From ITfC Annual Report 2014-15
At the risk of sounding self-indulgent, we may say that working as a niche organization undertaking activities ranging from global advocacy to development research to large-scale projects is by all means a complex venture. More so in an area of social activism that is not yet clearly defined, certainly not in a relatively well laid-out manner which could lend it a basic identity and shape, which is needed in any area for a civil society organization to exist and grow in it, and yes, also get funded. (Let us clarify here that we mean the area of techno-social activism which is rooted in progressive ideals, existing in fraternal partnership with similarly-motivated activism in other sectors. The more liberal varieties of techno-social activism are today rather well-established.) But if it is challenging and taxing, it is also very satisfying both in its uniqueness and its overall impact in terms of our mission, which is of social change towards greater equity and social justice. In a global and national environment that is not very conducive to progressive advocacies, we have managed to stay afloat and still largely do the work that we would most like to do.
Yet, such is the range of our activities, no doubt connected at the base by the self-definition of working in the area of ICTs for progressive change, that forming overarching thoughts about them for the year that has passed can be difficult. We can perhaps take IT for Change to be a rhizomic plant, which is always setting out new roots in reaching to grassroots activists and communities, while gathering from the field the manure of knowledge through research, extending new solid branches that carry the weight of cutting-edge global and national advocacy, as also spreading horizontally to impact social structures directly, through demonstration as well as large-scale systemic projects. Our activities, at multiple levels, grew further this year, at times in a quantum change manner, while maintaining our underlying congruence of ideals and primary objectives.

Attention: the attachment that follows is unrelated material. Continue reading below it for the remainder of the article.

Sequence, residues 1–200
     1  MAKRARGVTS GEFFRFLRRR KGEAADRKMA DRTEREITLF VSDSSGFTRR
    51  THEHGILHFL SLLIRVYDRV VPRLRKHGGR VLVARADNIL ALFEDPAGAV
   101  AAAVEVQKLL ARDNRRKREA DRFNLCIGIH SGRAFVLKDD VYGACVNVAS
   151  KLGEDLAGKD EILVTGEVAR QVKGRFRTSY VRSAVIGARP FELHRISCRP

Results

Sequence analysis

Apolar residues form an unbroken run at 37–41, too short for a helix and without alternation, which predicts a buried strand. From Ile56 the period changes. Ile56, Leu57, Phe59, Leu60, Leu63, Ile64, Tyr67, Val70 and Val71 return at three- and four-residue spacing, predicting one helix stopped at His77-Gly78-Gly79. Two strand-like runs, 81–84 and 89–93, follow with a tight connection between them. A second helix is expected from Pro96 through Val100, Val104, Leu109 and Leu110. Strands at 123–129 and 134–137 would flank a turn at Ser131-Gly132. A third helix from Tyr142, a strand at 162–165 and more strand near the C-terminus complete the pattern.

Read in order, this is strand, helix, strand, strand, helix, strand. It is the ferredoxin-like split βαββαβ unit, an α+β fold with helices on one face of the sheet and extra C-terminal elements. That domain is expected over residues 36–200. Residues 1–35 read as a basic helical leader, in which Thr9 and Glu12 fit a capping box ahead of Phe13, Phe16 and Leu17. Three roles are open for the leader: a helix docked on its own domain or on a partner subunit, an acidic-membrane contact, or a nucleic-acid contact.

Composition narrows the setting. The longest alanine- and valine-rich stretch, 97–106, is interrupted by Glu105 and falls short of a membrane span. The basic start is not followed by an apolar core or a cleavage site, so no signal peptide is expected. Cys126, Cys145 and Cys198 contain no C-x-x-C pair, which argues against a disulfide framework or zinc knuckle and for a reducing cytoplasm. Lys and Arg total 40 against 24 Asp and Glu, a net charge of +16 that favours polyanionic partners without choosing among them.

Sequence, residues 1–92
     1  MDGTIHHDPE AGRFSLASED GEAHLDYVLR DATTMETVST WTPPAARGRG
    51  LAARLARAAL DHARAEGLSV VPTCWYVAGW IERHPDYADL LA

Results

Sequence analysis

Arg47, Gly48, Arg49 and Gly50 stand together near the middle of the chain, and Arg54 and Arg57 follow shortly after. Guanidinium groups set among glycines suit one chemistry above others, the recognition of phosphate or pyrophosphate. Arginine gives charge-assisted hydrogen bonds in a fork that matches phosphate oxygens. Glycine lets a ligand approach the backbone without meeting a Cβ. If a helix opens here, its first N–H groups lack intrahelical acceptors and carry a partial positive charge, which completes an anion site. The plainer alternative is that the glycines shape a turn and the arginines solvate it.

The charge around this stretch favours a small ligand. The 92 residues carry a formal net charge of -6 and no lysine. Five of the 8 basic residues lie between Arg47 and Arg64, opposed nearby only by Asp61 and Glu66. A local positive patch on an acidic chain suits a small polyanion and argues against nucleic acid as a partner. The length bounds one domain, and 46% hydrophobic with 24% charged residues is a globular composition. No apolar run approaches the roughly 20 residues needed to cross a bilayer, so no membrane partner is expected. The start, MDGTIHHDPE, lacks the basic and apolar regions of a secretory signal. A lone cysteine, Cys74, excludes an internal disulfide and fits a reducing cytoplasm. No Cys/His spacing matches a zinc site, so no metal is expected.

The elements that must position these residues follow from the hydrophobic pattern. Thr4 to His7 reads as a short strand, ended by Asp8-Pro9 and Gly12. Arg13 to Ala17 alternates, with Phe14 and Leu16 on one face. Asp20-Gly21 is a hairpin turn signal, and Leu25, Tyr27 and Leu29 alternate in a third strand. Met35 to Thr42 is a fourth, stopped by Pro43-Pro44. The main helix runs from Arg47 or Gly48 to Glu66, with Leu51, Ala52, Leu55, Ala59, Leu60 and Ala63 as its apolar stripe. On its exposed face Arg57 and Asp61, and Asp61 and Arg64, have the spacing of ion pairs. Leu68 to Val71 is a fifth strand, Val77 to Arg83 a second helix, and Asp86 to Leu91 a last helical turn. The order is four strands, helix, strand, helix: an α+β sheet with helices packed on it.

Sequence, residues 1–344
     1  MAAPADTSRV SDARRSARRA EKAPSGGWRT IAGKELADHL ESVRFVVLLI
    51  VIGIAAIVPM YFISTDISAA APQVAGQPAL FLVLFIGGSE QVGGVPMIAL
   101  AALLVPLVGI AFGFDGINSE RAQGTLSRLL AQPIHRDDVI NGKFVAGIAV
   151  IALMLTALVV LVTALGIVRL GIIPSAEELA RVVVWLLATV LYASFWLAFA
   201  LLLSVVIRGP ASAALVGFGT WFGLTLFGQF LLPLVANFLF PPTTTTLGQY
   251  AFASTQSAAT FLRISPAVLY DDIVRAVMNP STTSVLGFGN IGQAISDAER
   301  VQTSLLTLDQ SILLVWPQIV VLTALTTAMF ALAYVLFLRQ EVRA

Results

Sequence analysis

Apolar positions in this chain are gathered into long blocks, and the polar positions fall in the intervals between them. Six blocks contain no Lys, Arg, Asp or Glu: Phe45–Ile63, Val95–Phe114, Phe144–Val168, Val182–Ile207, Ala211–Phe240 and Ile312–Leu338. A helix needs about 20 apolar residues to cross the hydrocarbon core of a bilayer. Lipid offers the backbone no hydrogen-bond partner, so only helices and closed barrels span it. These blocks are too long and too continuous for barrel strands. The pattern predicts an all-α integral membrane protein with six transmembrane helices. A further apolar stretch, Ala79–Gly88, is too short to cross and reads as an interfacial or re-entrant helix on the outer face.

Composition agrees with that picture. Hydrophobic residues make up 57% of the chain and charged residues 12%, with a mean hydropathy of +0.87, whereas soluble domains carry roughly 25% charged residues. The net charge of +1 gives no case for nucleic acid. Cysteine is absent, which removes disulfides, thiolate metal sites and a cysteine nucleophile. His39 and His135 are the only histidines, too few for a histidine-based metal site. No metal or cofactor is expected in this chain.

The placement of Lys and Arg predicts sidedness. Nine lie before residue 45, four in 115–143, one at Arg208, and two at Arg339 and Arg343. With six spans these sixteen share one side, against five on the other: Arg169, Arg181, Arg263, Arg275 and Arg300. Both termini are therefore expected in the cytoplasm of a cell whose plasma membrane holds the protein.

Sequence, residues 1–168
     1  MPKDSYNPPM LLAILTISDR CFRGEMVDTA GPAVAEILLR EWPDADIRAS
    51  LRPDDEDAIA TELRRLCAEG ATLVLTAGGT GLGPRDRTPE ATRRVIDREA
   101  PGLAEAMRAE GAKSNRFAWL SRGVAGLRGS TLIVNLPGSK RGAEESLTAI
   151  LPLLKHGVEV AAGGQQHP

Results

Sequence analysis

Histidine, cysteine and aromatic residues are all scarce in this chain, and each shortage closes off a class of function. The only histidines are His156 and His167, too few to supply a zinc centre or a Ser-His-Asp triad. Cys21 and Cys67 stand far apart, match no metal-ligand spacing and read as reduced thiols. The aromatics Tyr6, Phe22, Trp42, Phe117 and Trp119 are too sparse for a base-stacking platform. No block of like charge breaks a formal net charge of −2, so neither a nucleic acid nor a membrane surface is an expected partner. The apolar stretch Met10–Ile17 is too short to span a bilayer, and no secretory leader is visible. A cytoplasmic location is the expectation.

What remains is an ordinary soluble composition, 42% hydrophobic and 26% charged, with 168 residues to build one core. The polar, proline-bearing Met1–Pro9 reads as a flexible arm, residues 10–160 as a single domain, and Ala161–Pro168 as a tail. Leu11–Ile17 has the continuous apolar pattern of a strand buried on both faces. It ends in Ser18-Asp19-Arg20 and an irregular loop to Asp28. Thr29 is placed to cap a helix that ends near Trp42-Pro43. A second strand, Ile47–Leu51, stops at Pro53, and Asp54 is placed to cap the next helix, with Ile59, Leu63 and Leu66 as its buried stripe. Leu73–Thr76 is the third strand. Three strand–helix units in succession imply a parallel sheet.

Grass-roots groups today have largely given up any illusion, that may have existed earlier, of the techno-social being not very relevant to their real concerns. IT for Change now regularly engages with groups like women farmer associations and with state level networks of elected women representatives to local governance bodies. It interacts with human rights activists ranging from areas like right to food, to right to information and right to education. This year, we worked with activists groups that gather at the World Social Forum. In fact, a possible Internet Social Forum is being seen in this community as one of the most important and promising new areas, with near universal appeal.
In all this excitement of connecting with the people, we never under-estimate the role of the intellect and knowledge in social change. Our research has studied a large number of egovernance initiatives to develop guidelines for entrenching gender concerns in such programs, as it has devoted itself to understanding what conditions lead to teachers co-producing and sharing curricular resources.